Research in the Hedrick lab focuses on how animals produce and control movement. This expands out into a broader interest in the structure and properties of biological networks as well as how they generate robust outputs in the face of uncertain circumstances and components of varying quality. For example, the flight of the sphingid moth Manduca sexta is enabled by a complex, hierarchical biological system that involves processes and components at several different levels: the nervous system of the moth activates a suite of 20 flight muscles which actuate mechanical structures (the wings) that do work on the surrounding fluid (air), generating forces to support and propel the moth. This complex, interconnected system of components results in stable, predictable flight in an uncertain environment yet is also capable of generating controlled instabilities on demand for purposes of maneuvering within the environment. Furthermore, the degree of interconnectedness in the network is such that studying the function of individual components such as the wings or the visual system does not allow accurate prediction of the behavior of the whole organism. Current efforts center around the application of engineering control theory to biological networks to better understand how the properties of the network and components work together to generate behavior that is both stable, flexible and robust to unexpected perturbations.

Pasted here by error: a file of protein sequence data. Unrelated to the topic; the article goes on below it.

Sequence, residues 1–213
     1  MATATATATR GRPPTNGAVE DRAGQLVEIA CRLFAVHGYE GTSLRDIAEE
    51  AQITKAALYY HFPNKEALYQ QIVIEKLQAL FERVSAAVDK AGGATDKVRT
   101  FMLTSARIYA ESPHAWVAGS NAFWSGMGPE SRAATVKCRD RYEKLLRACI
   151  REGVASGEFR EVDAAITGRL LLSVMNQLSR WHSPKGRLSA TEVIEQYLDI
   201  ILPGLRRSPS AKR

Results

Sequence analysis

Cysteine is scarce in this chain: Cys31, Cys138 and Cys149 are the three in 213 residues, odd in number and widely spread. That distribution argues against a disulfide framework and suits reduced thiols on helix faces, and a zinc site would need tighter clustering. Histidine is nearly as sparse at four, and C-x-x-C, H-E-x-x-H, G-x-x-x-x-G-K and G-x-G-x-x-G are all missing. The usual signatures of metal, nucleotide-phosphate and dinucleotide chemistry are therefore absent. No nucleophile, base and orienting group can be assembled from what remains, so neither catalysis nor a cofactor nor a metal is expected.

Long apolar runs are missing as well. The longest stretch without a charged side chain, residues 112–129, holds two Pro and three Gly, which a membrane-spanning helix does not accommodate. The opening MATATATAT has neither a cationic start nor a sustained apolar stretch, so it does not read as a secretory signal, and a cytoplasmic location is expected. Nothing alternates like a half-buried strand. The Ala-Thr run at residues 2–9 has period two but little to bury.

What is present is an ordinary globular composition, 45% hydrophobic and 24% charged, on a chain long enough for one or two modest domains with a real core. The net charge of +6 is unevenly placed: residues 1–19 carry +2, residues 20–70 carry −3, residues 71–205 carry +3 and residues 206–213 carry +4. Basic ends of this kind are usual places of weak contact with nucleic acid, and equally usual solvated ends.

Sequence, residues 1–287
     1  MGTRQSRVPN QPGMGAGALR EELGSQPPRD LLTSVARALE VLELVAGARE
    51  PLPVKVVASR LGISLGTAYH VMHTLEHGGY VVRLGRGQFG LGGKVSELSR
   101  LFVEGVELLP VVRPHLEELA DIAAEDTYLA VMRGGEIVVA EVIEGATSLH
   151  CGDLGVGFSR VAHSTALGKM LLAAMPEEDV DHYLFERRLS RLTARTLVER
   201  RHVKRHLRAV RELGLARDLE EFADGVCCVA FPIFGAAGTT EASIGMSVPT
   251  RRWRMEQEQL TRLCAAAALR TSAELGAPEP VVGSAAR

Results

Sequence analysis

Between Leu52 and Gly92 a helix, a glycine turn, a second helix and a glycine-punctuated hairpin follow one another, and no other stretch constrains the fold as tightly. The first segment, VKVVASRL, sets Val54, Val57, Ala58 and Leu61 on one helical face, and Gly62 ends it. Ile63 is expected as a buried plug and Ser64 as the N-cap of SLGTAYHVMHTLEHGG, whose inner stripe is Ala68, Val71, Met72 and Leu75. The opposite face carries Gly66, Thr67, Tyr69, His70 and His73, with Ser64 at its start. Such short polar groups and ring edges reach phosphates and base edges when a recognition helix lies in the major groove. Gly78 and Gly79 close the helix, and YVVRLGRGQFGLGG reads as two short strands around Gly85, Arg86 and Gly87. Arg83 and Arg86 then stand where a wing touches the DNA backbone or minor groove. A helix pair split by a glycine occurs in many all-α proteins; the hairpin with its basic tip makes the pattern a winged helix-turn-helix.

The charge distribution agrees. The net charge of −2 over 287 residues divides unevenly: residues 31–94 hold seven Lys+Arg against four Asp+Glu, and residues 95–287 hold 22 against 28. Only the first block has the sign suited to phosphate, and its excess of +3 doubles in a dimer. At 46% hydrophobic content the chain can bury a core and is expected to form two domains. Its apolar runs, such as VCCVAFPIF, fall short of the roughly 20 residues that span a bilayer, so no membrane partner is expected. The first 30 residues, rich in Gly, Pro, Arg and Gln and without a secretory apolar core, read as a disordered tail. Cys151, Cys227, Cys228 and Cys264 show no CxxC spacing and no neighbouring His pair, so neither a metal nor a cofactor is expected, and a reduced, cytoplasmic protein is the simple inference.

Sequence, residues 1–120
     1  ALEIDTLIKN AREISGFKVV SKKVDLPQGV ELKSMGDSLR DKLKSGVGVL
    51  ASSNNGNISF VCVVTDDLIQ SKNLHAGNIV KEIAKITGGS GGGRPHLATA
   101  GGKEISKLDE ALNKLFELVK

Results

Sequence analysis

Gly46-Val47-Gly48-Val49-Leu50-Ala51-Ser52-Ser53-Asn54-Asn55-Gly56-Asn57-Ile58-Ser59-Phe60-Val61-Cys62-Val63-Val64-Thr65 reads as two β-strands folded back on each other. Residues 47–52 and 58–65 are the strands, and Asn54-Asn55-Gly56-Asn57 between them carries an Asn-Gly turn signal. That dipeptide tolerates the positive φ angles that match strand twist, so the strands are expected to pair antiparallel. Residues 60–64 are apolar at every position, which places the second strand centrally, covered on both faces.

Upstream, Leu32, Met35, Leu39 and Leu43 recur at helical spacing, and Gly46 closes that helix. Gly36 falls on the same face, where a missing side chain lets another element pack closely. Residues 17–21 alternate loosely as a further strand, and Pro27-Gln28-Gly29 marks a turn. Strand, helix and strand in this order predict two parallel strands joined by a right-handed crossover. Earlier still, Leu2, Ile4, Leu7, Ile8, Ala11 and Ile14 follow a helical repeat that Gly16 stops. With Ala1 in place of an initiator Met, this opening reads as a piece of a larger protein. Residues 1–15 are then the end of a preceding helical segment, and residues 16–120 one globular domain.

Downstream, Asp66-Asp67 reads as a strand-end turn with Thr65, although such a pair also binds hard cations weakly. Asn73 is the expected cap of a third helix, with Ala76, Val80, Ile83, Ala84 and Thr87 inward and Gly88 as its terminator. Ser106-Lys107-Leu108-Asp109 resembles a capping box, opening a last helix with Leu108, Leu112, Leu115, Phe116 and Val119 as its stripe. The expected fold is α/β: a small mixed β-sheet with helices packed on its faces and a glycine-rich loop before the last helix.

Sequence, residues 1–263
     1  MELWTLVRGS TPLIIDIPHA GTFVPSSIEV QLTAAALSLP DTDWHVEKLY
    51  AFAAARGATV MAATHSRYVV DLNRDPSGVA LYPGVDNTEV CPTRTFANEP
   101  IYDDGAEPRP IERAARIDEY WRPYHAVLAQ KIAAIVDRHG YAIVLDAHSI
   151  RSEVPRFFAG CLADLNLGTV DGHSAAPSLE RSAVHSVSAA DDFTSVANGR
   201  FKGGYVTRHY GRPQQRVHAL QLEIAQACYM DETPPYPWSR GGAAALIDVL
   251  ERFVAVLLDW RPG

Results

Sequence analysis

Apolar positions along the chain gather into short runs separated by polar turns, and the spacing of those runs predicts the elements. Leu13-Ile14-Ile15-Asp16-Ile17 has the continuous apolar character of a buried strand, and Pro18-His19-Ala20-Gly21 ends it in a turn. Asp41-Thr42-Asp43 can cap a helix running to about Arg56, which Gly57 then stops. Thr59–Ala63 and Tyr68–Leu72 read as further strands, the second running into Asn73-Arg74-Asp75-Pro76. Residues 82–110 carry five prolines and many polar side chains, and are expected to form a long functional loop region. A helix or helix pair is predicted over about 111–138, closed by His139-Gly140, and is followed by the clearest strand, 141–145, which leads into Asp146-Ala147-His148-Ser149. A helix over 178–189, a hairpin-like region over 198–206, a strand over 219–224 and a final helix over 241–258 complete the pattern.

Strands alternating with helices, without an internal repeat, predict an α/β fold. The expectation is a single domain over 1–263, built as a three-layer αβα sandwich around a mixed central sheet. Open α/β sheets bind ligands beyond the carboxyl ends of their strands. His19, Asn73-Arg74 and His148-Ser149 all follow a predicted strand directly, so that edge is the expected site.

In a more general sense, the lab examines animal flight aerodynamics and flight behavior across the breadth of flying organisms, from tiny parasitic wasps to fruit flies to large birds and bats. Rapid progress has been made in these areas, with important discoveries made in the unsteady aerodynamic mechanisms that support flying insects, extension of these mechanisms to larger flying animals, and even construction of animal scale micro-aerial vehicles that allow exploration of biological flight phenomena with wholly human designed systems. Current frontiers of animal flight include understanding the effects of material flexibility (insect and bat wings) and complex multi-scale organization (bird wings) on aerodynamics and on the integration of sensory and neural control models with flight dynamics.